Sinking into Silence

0EE325D5-71E6-4199-9E41-E36950CDD34C.jpegEach year I try to spend a week in silent retreat. With my travel schedule, that can be a challenge. However, if I attach the retreat to other travel, so that I’m already away from the temptations of the office and the “to do” lists of home, I can sometimes swing it.

Last March, I had the good fortune to visit Australia on business. I scoured the web and consulted some friends and ended up at a beautiful convent outside of Sydney for a week at the end of my trip. The sisters at Jamberoo Abbey were very welcoming of their itinerant Anglican guest.

I should note that a silent retreat does not necessarily mean one lives in solitude. In fact, if one goes to a monastery or a convent, one lives in community with others. At Jamberoo Abbey the sisters very helpfully provided those of us on silent retreat with a small medallion to wear when venturing outside of our cottages to signal that we were keeping silence. I attended the noonday service and then took my main meal in the Abbey dining room. Mostly I sank into the silence and let it envelope me.

As the week was coming to an end, I will confess to getting a bit antsy and broke my silence by texting a bit with my wife. I was missing her. I took it as a signal from God that the retreat had been successful and it was now time to turn my thoughts to home. Otherwise, aside from participating in worship, I did not speak for seven days.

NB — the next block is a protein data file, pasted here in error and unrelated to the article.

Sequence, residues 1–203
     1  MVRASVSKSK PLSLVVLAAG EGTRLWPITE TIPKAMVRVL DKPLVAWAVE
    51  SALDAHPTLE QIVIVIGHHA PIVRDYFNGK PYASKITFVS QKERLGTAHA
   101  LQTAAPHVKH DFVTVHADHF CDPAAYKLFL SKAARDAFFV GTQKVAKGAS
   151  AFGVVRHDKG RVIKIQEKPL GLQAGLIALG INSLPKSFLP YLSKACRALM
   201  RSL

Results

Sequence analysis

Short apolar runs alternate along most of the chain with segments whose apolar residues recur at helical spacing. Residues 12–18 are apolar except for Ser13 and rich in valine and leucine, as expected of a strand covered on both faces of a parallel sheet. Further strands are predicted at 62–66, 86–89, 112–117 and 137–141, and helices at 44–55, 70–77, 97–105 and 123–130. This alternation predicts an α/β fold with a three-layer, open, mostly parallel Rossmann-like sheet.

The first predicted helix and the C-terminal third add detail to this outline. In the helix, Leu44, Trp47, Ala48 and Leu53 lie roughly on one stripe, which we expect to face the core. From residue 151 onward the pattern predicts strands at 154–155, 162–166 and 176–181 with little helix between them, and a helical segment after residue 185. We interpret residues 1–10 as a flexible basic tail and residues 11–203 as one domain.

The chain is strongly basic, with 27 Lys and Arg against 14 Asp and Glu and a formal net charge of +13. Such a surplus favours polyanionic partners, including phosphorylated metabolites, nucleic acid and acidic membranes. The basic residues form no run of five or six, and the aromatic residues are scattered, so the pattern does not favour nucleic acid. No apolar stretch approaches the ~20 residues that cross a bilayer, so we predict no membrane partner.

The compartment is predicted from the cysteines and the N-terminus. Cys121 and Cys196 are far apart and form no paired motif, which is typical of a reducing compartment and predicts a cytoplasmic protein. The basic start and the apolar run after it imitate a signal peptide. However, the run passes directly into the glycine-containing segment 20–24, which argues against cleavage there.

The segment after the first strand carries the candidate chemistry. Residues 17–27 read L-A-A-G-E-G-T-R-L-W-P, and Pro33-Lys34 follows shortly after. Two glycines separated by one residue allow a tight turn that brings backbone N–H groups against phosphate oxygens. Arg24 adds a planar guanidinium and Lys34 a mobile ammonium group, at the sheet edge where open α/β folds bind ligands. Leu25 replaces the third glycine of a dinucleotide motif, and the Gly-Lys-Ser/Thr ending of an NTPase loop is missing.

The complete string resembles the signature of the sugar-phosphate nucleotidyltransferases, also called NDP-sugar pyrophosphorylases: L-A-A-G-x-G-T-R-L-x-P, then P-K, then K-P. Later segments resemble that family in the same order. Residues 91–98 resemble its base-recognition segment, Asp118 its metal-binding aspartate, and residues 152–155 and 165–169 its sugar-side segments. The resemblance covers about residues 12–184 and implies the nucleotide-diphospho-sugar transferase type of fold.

This year I did not go to Australia. Instead, I went with my family to Sandusky, Ohio. Not Australia, I grant you, but starkly beautiful in its own way.

For reasons too involved to explain, my family rented a house on the shore of Lake Erie last week. The main living space had floor to ceiling windows with unobstructed views of the lake. Because it was off-season (to put it mildly) there were very few other houses occupied near us, giving the sensation of being apart from the world.

Because there wasn’t much to do, we didn’t do much. Literally the only outing we made was to the grocery store. Mostly we slept, read, and ate.

We (really I) tried to enforce silence until 5 p.m. each day. That was a mixed success. However, I’m a notoriously early riser and so every morning I would get up and sit in silence for at least six hours before the rest of my family emerged.

It was by sinking into that soothing silence that I could begin to untie the Gordian knots that I don’t feel I have time to address in the hustle and bustle of the whack-a-mole life I feel like I lead sometimes.

Each day God would grace us with a stunning sunrise (which I alone would savor) and sunset (which was more of a family affair) reminding me that in the silence one is never alone.

Published by Rob Radtke

President & CEO, Episcopal Relief & Development, husband, father, friend, traveler, reader, New Yorker.

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